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Thanks Stat for your usual in-depth insight.  One category you might think about adding is Fourth Down Offense.  I was really disappointed we couldn't get 1 yard against ASU. 

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I was happy with what I saw last night.  The team (especially the O) needed it.

 

wde

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5 hours ago, alexava said:

My only complaint was I think we should have saved that fake fg for an SEC opponent.

From my vantage point, there's no saving plays.  You scout the team you're about to play and scheme to beat them in every phase, according to their tendencies and weaknesses. It also makes future teams prepare and consider fakes, which takes time from their preparation. It also give you a chance to see if your team can perform the fake properly.  I was excited to see the swinging gate formation on the extra point as well.  One game, one opponent at a time! 

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JF3 needs more reps. The read-option with him is a serious threat that needs to be utilized. We've yet to use in the HUNH. I expect to see more packages with him in it against Texas A&M.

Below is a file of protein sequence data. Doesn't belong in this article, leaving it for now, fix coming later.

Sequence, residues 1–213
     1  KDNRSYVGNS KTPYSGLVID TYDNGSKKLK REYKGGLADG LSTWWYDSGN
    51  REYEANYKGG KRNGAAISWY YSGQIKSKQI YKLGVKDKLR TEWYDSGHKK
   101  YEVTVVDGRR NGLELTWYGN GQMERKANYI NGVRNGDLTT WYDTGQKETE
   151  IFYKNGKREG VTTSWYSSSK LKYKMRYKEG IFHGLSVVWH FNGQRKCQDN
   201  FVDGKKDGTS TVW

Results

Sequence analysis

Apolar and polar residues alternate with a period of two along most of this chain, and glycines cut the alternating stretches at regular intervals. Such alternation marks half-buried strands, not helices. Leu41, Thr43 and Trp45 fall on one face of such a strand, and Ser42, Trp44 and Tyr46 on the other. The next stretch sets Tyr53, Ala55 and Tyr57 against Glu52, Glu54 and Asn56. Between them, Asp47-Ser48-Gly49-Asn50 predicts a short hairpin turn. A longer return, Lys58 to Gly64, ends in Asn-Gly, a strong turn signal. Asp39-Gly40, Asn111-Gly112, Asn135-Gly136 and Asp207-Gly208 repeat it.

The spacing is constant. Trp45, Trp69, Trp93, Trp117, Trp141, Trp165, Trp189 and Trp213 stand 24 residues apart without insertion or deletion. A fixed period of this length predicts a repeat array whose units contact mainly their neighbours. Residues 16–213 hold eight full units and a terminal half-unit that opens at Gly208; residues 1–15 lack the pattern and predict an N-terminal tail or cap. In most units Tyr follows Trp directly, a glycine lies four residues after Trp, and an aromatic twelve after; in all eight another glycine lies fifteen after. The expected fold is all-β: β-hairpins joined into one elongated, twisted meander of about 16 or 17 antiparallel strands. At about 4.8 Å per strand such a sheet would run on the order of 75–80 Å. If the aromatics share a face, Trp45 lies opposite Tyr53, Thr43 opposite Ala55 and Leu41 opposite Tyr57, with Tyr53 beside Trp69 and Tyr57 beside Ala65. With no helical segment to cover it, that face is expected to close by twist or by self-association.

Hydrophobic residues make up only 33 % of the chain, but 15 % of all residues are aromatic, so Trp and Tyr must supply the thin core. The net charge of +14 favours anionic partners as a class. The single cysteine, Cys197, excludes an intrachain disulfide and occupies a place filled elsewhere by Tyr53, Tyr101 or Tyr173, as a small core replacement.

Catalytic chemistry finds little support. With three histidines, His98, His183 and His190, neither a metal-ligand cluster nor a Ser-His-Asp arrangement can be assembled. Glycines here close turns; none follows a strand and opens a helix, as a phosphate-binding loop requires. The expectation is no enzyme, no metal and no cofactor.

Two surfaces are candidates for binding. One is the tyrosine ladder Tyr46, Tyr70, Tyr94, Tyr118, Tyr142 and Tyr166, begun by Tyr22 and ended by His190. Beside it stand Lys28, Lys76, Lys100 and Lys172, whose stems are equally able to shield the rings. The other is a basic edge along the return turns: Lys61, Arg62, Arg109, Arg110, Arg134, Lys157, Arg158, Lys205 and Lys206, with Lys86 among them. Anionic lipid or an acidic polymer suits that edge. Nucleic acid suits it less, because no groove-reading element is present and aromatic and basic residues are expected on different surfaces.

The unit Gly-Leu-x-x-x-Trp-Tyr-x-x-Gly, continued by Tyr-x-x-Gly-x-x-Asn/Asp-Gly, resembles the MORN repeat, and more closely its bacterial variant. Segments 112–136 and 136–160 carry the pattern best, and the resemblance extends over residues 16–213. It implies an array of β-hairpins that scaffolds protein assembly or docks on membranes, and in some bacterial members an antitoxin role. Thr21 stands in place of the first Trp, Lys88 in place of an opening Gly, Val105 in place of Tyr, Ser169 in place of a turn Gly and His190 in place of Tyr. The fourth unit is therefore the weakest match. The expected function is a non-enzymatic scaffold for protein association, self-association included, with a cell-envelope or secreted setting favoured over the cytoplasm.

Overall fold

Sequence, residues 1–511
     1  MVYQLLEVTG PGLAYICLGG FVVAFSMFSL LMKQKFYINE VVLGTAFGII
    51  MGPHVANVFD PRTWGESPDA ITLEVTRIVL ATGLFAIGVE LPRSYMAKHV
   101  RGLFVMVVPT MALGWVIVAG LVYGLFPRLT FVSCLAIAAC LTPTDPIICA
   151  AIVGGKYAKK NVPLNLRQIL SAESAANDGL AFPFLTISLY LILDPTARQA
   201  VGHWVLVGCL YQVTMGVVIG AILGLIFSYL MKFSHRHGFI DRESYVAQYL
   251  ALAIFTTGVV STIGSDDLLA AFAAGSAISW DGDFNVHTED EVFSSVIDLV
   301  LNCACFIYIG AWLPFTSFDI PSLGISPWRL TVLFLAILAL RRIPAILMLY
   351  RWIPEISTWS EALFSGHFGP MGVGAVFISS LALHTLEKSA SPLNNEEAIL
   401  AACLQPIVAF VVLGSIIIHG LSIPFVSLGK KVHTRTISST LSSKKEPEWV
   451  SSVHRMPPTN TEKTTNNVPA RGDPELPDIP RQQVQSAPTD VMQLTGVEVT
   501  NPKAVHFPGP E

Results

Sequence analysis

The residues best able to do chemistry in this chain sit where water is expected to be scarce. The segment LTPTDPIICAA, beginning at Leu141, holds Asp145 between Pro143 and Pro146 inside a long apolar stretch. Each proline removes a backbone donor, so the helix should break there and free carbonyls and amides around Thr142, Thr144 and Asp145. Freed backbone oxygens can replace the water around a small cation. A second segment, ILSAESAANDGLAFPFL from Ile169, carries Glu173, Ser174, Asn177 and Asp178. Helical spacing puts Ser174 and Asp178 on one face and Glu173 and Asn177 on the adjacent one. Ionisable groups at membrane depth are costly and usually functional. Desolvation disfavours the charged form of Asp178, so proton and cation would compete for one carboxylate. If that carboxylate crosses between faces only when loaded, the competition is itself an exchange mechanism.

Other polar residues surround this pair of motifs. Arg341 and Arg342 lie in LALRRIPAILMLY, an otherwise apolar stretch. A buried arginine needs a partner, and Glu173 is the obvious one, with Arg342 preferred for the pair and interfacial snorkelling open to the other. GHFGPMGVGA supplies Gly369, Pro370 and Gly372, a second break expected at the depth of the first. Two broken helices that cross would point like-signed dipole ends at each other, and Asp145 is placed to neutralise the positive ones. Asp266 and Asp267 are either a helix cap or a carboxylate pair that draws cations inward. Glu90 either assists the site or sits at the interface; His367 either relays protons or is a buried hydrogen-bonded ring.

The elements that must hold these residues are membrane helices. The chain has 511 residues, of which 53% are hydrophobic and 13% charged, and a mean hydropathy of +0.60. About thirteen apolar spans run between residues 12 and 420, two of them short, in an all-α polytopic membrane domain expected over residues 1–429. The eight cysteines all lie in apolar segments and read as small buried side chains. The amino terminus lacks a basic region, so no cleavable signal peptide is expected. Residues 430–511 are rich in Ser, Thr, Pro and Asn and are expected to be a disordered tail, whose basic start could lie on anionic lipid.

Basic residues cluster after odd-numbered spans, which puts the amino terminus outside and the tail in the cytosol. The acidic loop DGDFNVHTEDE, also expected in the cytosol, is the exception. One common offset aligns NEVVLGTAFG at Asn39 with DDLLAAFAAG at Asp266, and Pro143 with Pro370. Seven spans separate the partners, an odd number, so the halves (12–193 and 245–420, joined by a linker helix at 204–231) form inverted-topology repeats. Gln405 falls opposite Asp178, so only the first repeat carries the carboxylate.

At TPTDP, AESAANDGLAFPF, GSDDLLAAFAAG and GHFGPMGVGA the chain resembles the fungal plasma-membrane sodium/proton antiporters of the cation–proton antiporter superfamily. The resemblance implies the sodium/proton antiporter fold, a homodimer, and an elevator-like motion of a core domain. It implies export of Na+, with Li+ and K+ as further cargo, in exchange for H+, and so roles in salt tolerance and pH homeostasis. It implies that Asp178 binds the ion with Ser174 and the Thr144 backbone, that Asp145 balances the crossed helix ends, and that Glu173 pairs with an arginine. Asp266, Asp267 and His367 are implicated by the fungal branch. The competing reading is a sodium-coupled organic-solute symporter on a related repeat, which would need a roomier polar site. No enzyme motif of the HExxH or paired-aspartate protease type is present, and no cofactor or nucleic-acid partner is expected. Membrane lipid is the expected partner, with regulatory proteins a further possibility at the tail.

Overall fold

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32 minutes ago, logan adams said:

JF3 needs more reps. The read-option with him is a serious threat that needs to be utilized. We've yet to use in the HUNH. I expect to see more packages with him in it against Texas A&M. 

I like how Malzahn has been treating it as of late. Sean White is the starting QB and JFIII is No.2. This offense needs to be built around Sean White with situational play for JFIII. IMO, we will see less of JF3 against TAMU unless Malzahn has something set up for inside the RZ or short yardage situations. We are already allowing Kerryon to take snaps in the WC so the less substitution the better.

 

2 cents

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Completely agree, Stat. This needs to be Sean's team. Everyone still pining over JF3 need to stop and get on board with Sean.

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Seemed like Gus really had a plan to take advantage of Sean's strengths. The 1st down passes were a welcome adjustment. The lack of QB pressure from front 4 is really hard to figure considering the players there.

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15) Pass rating of at least 126.3:  [206.7] pass
 

When is the last time an Auburn Quarterback had a 206.7 passer rating?

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7 hours ago, TitanTiger said:

@StatTiger, you may have stated this before but could you remind me what is considered an "impact" play and what is a "big" play?

Impact is 15 or more yards

Big play is 30-yards or more.

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What do you consider less than 30 but greater than 15...but it's only less than 30 because they score. For example, Hastings TD. 

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1 minute ago, Ouchyfish said:

If we take a knee in the red zone at the end does that count against red zone %?

Officially it does.